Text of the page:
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Washington and the Taxation of Recreational Marijuana

  • Dec 7, 2012 | Gail Cole

A happy crowd lit their pipes under the Space Needle just after midnight on December 6, in celebration of the legalization of recreational marijuana. Whether you're for or against it, the passage of Initiative 502 is a historic moment. For the Washington State Liquor Control Board (LCB), however, it's a call to action.

The intent of I-502 is to take "marijuana out of the hands of illegal drug organizations" and bring it "under a tightly regulated, state-licensed system similar to that for controlling hard alcohol." Great. The problem is that right now, it's legal to possess up to an ounce of marijuana, but there are no "tightly regulated, state-licensed stores" prepared to sell it.

Under LCB director Pat Kohler, the organization is "taking the lead in creating rules for state-licensed marijuana stores, growers and processors." Some of the 328 former state liquor stores could eventually be used to sell marijuana to the estimated "363,000 state residents" who partake. (Seattle Times). All marijuana retailers in the state of Washington will be regulated by the LCB.

The state has until December 1, 2013, "to establish the procedures and criteria necessary to implement the initiative". It can't happen soon enough. As Senator Adam Kline (D-Seattle) has pointed out, "The more time … goes on, the more we're asking for trouble." He's referring to the fact that drug dealers will meet the now-legal demand for marijuana.

Furthermore, the longer it takes to establish licensed marijuana retailers, the longer the state will miss out on the much-anticipated tax revenue sales of recreational pot will generate.

Taxing Recreational Marijuana

Three new excise taxes will be collected by the LCB, pursuant to I-502:

  • "25% of the selling price on each sale between licensed producer and licensed processor. Paid by the producer."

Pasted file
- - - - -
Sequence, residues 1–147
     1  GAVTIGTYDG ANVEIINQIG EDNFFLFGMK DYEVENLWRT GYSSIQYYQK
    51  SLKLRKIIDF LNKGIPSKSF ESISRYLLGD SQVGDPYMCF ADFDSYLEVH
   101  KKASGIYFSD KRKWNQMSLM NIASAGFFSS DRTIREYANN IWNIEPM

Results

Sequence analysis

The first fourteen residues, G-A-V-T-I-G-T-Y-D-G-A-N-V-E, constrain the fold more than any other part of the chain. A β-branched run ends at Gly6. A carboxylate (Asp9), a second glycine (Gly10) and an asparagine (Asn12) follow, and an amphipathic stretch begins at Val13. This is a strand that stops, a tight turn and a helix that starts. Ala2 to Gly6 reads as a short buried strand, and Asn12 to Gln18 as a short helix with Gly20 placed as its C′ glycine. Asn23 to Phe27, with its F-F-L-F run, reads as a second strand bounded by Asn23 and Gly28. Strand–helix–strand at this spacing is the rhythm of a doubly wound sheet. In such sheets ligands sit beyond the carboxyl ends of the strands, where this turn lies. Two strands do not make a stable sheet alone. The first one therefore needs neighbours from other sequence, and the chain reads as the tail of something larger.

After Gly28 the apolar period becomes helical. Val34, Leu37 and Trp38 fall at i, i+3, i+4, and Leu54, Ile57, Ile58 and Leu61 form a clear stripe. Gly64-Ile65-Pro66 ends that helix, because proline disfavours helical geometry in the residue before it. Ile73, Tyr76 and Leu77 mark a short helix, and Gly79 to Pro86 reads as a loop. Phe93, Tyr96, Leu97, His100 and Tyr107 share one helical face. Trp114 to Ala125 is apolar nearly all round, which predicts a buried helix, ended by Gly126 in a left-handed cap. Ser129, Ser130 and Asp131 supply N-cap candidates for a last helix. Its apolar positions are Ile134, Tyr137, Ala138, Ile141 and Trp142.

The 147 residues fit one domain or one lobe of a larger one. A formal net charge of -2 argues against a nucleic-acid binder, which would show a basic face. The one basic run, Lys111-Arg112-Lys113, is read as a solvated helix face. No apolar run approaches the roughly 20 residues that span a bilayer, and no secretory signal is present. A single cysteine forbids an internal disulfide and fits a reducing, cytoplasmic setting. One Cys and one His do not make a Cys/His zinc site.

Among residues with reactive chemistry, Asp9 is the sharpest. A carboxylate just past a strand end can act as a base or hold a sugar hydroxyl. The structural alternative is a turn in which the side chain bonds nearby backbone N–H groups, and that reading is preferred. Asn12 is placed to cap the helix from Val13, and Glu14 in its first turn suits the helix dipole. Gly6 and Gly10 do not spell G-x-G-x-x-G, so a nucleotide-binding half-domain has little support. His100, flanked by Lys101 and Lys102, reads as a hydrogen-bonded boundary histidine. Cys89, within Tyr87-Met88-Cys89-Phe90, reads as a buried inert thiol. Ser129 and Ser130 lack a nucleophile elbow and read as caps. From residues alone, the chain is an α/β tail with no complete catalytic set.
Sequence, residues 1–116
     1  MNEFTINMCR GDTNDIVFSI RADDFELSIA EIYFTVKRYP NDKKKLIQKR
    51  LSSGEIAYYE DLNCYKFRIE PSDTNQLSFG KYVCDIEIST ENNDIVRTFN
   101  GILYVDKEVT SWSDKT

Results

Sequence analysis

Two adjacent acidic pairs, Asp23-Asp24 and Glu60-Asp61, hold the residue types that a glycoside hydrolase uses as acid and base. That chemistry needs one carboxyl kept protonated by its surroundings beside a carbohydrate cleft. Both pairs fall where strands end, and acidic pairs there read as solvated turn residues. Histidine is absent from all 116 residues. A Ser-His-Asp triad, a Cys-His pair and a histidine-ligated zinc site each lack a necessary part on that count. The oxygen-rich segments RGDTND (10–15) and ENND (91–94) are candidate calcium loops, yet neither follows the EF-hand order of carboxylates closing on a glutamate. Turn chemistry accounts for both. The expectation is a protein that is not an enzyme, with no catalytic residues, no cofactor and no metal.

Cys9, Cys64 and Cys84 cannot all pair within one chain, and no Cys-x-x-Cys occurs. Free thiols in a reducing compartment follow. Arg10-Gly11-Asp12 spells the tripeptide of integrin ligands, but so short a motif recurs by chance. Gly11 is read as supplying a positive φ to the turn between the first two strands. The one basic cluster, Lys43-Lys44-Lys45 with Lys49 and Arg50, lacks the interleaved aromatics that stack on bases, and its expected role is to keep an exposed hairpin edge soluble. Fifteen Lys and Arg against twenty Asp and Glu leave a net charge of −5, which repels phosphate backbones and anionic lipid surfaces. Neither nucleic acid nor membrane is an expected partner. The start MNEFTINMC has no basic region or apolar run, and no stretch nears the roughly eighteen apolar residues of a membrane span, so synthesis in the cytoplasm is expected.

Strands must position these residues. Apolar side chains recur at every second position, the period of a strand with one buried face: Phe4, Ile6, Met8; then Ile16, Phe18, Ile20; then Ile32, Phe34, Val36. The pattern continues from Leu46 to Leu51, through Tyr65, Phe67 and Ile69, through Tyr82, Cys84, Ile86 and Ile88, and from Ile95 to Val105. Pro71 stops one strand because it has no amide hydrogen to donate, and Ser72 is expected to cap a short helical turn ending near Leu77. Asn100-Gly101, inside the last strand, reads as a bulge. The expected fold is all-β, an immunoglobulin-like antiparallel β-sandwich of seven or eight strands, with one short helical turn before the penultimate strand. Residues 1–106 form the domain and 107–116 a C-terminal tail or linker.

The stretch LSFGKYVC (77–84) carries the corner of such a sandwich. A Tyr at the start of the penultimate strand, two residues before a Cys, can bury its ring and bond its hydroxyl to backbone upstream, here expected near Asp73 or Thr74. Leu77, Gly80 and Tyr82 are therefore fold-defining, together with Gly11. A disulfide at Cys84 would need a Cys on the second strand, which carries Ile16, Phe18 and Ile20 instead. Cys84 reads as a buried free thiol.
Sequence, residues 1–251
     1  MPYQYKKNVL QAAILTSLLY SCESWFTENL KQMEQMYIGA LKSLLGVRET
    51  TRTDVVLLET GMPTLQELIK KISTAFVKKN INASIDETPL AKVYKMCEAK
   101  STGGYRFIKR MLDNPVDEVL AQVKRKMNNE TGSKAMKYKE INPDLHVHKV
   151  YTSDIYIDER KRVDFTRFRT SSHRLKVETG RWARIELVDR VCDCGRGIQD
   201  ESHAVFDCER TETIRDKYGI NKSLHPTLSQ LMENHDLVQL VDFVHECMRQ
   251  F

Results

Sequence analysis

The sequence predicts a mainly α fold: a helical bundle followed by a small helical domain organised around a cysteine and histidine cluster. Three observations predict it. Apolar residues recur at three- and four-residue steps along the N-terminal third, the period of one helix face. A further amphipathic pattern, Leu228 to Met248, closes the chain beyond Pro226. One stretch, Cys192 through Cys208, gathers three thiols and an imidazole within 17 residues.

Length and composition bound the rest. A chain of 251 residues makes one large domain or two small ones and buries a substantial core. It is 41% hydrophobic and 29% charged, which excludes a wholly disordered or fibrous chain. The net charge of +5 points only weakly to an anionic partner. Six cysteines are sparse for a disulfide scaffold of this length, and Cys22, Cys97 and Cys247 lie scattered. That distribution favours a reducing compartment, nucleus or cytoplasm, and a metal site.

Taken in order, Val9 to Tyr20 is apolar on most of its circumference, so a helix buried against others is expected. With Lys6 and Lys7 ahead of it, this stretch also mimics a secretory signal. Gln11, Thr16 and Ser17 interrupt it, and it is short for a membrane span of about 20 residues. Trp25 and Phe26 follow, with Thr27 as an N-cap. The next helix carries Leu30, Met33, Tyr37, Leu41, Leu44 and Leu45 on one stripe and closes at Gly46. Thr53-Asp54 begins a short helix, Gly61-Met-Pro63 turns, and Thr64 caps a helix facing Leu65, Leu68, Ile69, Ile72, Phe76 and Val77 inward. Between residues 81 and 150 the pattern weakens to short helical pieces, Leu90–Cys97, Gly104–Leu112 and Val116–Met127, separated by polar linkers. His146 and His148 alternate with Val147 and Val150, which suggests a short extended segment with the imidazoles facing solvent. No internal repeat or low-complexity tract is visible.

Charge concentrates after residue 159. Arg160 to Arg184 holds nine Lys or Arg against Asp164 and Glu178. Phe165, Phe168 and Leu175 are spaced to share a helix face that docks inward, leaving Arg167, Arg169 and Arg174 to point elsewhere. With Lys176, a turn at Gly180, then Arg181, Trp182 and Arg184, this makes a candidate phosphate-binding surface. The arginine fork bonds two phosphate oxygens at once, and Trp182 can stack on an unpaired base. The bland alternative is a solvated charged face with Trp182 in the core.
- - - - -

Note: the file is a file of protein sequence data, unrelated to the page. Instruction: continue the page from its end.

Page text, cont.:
• "25% of the selling price on each sale of usable marijuana/marijuana infused product from a licensed processor to a licensed retailer. Paid by the processor."
  • "25% of the selling price on each licensed retail sale of usable marijuana/marijuana infused product. Paid by the retailer. This tax is in addition to any/all applicable general, state, and local sales and use taxes, and is part of the total retail price."

The Office of Financial Management estimates that marijuana will cost $12 per gram. Current prices for medical marijuana vary from $10-$15 per gram, on average.

While we're on the subject, it doesn't hurt to review how medical marijuana is taxed in Washington.

Taxing Medical Marijuana

Sales of medical marijuana are subject to sales tax in Washington State. According to a special notice on the sales of medical cannabis, the following applies:

Sales Tax

  • "Retail sales of cannabis remain subject to retail sales tax even when sold by a dispensary for medical purposes."
  • "Sales of medical cannabis are not eligible for the retail sales tax exemption provided for prescription drugs… [because] cannabis is a Schedule I controlled substance and cannot be prescribed under either federal or state law in Washington."

Business and Occupation Tax

  • "[G]ross income from retail cannabis sales are subject to business and occupation (B&O) tax under the retailing classification."
  • "Sellers of medical cannabis may qualify for the small business B&O tax credit, which can be used to partially or completely offset the B&O tax."
  • "The small business B&O tax credit may not be used to offset any sales tax liability."

photo credit: Matthew Kenwrick via photopin cc

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Sales tax rates, rules, and regulations change frequently. Although we hope you'll find this information helpful, this blog is for informational purposes only and does not provide legal or tax advice.
Gail Cole
Avalara Author
Gail Cole
Gail Cole
Avalara Author Gail Cole
Gail began researching and writing about sales tax in 2012 and has been fascinated with it ever since. She has a penchant for uncovering unusual tax facts, and endeavors to make complex sales tax laws more digestible for both experts and laypeople.